in which a fetus has to struggle to fend off rejection by the mother

's immune system. Infection, which ramps up the immune response, can have devastating effects on fetal brains. The latest studies indicate that the risk of schizophrenia among the male offspring of women who come down with the flu during the first half of their pregnancies is three to seven times higher than usual. Patterson notes that common-sense ways to cut down on flu infection are widely known -- wash your hands and avoid airplane flights if at all possible -- but often ignored, even by pregnant women, because the stakes seem so small. He's done his best to correct that assumption. * Macleans * Neurobiologist Paul Patterson, PhD, has produced a remarkably accessible and enjoyable book that intertwines history, case studies and laboratory science...It's an engaging and thought-provoking read for nonscientists and scientists alike. * Autism Speaks blog * For the non-expert, this field can be more intimidating than a box of jumbled Christmas decorations. In Infectious Behavior: Brain-Immune Connections in Autism, Schizophrenia, and Depression, biologist Paul Patterson nimbly untangles the strings of lights. -- Virginia Hughes, Simons Foundation Autism Research Initiative The book is simultaneously accessible to the lay reader and insightful to the reader with more expertise. It flows like a professor who rolls up his sleeves and delivers an engaging talk to his audience without once looking at his slides. [It] is a well written, enjoyable read for any audience. * Brain, Behavior, and Immunity * Patterson's book is so clear and compelling that it will appeal to clinicians awaiting novel disease models with new opportunities for prevention and cure, family members endlessly pondering the source of their loved one's ailment, and any reader who enjoys medical detective stories. A lucid synthesis of historical and current thinking about 'infectious'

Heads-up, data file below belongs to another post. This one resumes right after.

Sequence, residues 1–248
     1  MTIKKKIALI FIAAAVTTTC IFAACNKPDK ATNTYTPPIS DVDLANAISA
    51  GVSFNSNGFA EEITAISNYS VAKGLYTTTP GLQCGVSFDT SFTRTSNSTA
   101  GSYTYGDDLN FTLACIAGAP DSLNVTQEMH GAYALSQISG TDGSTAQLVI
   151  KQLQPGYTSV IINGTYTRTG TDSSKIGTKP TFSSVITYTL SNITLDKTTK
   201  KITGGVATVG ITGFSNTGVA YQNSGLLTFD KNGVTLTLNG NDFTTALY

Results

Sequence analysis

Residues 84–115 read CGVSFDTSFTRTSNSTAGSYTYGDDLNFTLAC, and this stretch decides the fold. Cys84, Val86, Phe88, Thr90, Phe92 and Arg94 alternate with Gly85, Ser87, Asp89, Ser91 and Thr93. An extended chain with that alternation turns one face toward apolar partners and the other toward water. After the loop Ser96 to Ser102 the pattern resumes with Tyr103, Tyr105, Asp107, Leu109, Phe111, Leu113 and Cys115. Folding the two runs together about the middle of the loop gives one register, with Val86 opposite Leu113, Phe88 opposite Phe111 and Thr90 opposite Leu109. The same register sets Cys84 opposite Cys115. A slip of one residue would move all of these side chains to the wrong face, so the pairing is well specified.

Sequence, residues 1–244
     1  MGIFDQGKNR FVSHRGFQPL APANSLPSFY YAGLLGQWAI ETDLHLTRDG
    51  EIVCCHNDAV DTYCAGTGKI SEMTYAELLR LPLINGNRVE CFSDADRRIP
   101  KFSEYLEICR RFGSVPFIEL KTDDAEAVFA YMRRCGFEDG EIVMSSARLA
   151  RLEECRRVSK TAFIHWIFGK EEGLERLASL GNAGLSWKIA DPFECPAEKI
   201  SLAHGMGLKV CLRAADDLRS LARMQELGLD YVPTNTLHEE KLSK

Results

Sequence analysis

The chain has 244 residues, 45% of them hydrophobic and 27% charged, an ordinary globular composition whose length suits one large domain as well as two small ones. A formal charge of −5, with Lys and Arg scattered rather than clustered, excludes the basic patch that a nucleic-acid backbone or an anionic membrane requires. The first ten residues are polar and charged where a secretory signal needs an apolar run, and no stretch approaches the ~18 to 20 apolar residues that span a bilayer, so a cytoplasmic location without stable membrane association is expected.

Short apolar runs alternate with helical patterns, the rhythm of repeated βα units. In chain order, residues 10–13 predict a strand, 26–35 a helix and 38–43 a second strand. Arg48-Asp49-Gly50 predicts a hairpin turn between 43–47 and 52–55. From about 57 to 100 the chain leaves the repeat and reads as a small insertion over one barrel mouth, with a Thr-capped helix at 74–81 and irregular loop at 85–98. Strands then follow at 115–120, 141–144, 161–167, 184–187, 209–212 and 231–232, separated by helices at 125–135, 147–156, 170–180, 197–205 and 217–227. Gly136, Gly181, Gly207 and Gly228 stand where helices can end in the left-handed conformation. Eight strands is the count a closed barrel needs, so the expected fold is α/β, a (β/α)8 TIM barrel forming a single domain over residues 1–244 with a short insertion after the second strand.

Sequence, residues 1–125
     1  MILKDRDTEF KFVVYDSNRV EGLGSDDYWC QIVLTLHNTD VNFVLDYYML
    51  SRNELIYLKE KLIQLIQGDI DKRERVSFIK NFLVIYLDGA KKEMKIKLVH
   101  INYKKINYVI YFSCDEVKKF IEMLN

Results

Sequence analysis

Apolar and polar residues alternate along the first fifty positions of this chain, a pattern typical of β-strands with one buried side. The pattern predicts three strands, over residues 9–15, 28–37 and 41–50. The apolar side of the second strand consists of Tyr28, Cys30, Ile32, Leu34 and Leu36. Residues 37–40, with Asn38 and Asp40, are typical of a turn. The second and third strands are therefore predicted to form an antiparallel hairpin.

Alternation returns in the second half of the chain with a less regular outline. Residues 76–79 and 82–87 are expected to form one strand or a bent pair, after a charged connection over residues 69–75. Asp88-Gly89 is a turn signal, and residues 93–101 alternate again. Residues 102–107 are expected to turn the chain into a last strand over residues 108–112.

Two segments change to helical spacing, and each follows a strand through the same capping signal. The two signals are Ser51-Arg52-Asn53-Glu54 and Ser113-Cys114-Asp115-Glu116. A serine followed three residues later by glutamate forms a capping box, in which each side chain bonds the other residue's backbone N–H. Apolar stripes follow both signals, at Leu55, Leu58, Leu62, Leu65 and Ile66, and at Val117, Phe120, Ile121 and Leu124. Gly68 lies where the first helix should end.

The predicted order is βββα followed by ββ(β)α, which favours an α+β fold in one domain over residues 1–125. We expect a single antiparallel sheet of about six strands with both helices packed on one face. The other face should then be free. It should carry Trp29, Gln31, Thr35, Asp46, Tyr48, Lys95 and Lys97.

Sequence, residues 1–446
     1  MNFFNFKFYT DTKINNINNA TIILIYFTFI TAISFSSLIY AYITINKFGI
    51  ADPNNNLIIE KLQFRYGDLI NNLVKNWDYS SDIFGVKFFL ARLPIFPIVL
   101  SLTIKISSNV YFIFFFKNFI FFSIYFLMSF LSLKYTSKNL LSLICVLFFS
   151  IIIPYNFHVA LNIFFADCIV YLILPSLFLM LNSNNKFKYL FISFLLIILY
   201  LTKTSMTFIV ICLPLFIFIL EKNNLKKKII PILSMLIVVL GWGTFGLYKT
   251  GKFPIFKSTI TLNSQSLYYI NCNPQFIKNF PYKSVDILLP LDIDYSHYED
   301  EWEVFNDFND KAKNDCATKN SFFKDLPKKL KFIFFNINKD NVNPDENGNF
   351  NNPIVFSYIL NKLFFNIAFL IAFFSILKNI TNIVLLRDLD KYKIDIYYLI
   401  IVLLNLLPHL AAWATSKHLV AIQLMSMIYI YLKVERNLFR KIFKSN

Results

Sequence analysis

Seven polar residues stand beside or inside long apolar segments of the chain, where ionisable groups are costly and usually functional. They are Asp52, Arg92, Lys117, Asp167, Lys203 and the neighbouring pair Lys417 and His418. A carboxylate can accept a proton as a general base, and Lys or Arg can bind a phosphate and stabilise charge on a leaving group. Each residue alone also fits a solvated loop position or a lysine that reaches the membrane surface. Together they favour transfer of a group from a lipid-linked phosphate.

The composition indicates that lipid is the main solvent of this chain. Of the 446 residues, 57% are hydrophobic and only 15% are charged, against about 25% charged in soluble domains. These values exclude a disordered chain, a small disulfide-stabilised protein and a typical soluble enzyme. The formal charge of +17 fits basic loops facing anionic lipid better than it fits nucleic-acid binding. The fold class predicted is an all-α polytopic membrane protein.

routes to mental illness

. * American Journal of Psychiatry *


About the Author

Paul H. Patterson, a developmental neurobiologist, is Anne P. and Benjamin R. Biaggini Professor of Biological Sciences at the California Institute of Technology and a Research Professor of Neurological Surgery at the University of Southern California's Keck School of Medicine. He is the coauthor (with Alan Brown) of The Origins of Schizophrenia.

More books by this author
Author 'Like for Like' recommendations

Loading other formats...

Book Info

Publication date

13th September 2013

Author

Paul H. (Anne P. and Benjamin F. Biaggini Professor of Biological Sciences, California Institute of Technology) Patterson

More books by Paul H. (Anne P. and Benjamin F. Biaggini Professor of Biological Sciences, California Institute of Technology) Patterson
Author 'Like for Like'
    recommendations

Publisher

MIT Press an imprint of MIT Press Ltd

Format

Paperback
176 pages

Categories

Autism & AspergerÍs Syndrome
Immunology
Neurosciences

ISBN

9780262525343

I love reading books I wouldn't normally choose before everyone else gets to read them!

Dawn Lynch

Lovereading is an amazing place to be, the website is wonderful and to me if I'm sad I'll go here and it cheers me up!

Sophia Upton

It is a website dedicated to those who adore reading It really is a one stop shop for book lovers. Love it!

Edel Waugh

Lovereading does a stella job in promoting both new and established authors.

Iris Clements

I read new, exciting writers and established authors before publication and there is a great website full of brilliant books and opinions.

Lynda

As for why I'd recommend Lovereading, it's simple - it's a great place to get information and reviews about new books!

Margaret Freeman

I love the honest opinions, recommendations for every genre and every reader, wish lists and Like for Like.

Amrita Dasgupta

Books of the month/debuts of the month, kids/adults, fiction/non-fiction, free prize draws and free extracts, what's not to love?

Emma Smith

Lovereading4kids

Lovereading4schools